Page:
The Bushwhackers vs. Rhythm & Blues
SHOOT ME IN THE HEAD. The Bushwhackers! The match these teams had on the Mega Matches tape was atrocious, I didn’t ever want to sit through another one. This is actually from six months prior to that, coming from MSG in April 1990. Frankly, I wouldn’t give a shit if it had took place on the moon, I still wouldn’t want to see it. The Bushwhackers are the all-time worst thing ever in the WWF, and that includes the Gooker. They can’t work, they can’t sell and they can’t bump. Their go-to move is biting. I’m glad this New York crowd doesn’t give a shit about them. The ’Whackers just stand there gyrating like loons while using their ineffectual and pointless offense to little effect. R&B deserved much better than an extended programme with the Bushwhackers. This is beyond abysmal. Oh look, the little pricks have added a new move to their previously all-biting repertoire: the eye poke. So, explain to me why the ref has allowed that? Explain to me too why Valentine is taking and selling all of their awful moves, and getting nothing in himself. This has been ALL Bushwhackers. I guess it’s because they can’t sell so they just don’t take heat. The commentators are bored, and ignore the match completely, instead talking about how Honky’s claims of being the greatest IC champion pissed off Pat Patterson, Rick Rude and Randy Savage. Then they discuss at length how stupid Greg Valentine is. After it all breaks down, Valentine and Honky are sent into each other and Honky falls out of the ring, so Luke chases him with a chair. So a count out to start, swell. After all of that nonsense, they don’t even do a finish. Far too long and some of the worst in-ring stuff you will see. Just as bad as all the other matches these teams had together.
Match Rating: DUD
Lord Alfred Hayes runs us through the brackets for the WWF Intercontinental championship tournament, which took place in 1990 after The Ultimate Warrior won the WWF title and vacated the IC strap…
WWF Intercontinental Championship
Mr. Perfect (c) vs. Tito Santana
…And this is the final of the aforementioned tournament, taking place in April 1990 from Austin, Texas. After that stinker of an opener, let’s hope this lives up to its potential. Vince McMahon says Santana is the odds on favourite, which seems like a strange thing to say given Perfect’s win-loss record. I guess he is a former IC champion. They run a very impressive, fast scientific start, the highlight of which is a hammerlock spot where they reverse each other three or four times each at immense speed. Santana knocks Perfect to the outside, and takes over. Energetic and very fun so far. These guys have good chemistry together and are both superb workers. I know Tito got a big push in the early 80s, but he could still go all the way through to the 90s, they really should have made him more than a glorified JTTS in my opinion. Santana had such a good fire that he could have worked a top-line programme with a heel who could work. Savage for example. Those guys worked together so well, they could have worked on top for the belt. Sorry, tangent. Anyway, Perfect assumes control in this after tripping Tito and sending him reeling to the outside. Things slow down for the first time in the match, as Perfect taunts Tito and then methodically picks him apart. Clothesline from Perfect sends Santana reeling outside, but Tito fights back again. He takes Perfect’s legs away from him and goes for the figure four, but Perfect switches it into a near fall. Santana whales away on Perfect some more, until Bobby Heenan comes to the ring and distracts Tito. He goes for a slam, but Perfect catches him with an inside cradle to get the win and the IC title. I hate it when the face is distracted by the manager and goes for him, especially when they haven’t really done anything to warrant the attack. Typical dumbass babyface decision. Good match, though a bit short. Given even more time to develop, it could have been classic. As it was, it was just pretty good.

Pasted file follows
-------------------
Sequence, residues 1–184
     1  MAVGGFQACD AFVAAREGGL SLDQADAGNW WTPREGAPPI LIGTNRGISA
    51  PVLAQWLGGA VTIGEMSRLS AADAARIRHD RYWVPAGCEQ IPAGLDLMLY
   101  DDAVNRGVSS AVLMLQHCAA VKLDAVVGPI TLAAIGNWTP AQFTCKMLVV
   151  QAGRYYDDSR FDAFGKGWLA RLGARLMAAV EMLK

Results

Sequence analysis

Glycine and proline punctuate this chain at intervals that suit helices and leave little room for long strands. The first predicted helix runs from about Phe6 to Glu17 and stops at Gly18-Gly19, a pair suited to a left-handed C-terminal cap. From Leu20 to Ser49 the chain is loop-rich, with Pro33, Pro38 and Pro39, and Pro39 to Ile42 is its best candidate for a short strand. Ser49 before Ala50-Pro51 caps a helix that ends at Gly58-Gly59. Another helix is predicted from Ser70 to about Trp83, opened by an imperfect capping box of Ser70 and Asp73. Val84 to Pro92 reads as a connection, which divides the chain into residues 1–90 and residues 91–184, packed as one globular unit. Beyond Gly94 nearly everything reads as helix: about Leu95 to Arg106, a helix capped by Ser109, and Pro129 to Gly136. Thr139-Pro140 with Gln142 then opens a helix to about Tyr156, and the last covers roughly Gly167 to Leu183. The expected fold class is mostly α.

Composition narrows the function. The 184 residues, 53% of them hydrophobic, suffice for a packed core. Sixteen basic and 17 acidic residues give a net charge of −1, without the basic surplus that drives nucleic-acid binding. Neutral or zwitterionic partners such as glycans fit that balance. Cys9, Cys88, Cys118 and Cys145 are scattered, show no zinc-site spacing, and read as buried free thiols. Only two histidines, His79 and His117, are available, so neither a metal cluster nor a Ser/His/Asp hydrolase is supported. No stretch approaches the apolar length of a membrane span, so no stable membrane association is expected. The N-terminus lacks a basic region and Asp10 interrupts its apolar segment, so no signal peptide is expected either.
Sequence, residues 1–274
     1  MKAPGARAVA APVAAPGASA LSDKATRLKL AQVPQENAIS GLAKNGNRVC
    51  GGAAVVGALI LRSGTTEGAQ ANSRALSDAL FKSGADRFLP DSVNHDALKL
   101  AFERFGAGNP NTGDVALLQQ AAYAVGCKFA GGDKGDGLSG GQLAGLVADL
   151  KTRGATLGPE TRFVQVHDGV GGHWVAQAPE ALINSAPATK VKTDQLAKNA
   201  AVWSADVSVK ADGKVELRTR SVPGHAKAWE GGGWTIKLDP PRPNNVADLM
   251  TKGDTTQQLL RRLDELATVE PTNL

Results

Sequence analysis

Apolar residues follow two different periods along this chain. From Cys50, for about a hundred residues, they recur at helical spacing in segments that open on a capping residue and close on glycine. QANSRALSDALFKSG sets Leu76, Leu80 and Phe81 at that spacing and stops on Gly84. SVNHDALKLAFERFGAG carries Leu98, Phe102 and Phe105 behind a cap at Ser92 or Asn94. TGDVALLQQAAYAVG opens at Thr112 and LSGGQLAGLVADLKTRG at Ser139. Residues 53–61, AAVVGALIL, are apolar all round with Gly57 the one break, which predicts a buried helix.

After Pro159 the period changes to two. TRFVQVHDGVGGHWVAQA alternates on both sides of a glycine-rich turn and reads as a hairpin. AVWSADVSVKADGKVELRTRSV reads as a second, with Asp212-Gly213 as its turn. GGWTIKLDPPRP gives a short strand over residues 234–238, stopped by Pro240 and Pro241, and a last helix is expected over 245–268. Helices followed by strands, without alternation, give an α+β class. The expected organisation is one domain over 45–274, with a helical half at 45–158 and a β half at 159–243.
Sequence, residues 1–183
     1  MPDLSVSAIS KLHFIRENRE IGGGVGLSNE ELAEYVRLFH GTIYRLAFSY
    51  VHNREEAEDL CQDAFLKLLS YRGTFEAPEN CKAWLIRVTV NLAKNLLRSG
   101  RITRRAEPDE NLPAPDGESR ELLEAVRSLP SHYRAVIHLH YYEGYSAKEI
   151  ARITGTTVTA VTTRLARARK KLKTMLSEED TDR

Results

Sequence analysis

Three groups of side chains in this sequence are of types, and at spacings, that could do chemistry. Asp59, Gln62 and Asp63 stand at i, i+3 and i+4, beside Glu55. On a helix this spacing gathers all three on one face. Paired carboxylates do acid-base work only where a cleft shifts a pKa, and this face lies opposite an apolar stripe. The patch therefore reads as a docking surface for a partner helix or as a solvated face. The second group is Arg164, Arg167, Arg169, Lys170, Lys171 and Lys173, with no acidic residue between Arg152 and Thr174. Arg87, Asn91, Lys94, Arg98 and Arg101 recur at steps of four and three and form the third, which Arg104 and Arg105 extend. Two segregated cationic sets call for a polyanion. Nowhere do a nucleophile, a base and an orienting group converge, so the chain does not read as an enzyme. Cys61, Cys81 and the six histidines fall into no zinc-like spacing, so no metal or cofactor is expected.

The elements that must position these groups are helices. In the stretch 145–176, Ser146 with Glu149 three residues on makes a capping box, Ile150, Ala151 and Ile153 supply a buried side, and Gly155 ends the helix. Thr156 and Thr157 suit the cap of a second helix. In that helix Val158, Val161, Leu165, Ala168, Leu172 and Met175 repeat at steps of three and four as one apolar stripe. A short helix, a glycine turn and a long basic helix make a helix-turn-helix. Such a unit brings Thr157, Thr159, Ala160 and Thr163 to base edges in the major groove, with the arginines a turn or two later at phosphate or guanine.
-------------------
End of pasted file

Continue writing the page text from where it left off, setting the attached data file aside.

Final Rating: ***¼
Sean Mooney says we go from “a man who is perfect…” as we begin the terrifying prospect of a superstar profile package on Dusty Rhodes. Come on Mooney, say how you feel! Just for the record, the affable but goofy Mooney is in the studio dressed as if he is going to war, as gunshot and bomb noises go off around him. He always takes the video tape titles so literally, that it becomes comically bad rather than offensively so. Camper than Christmas though for sure.
Dusty Rhodes vs. Akeem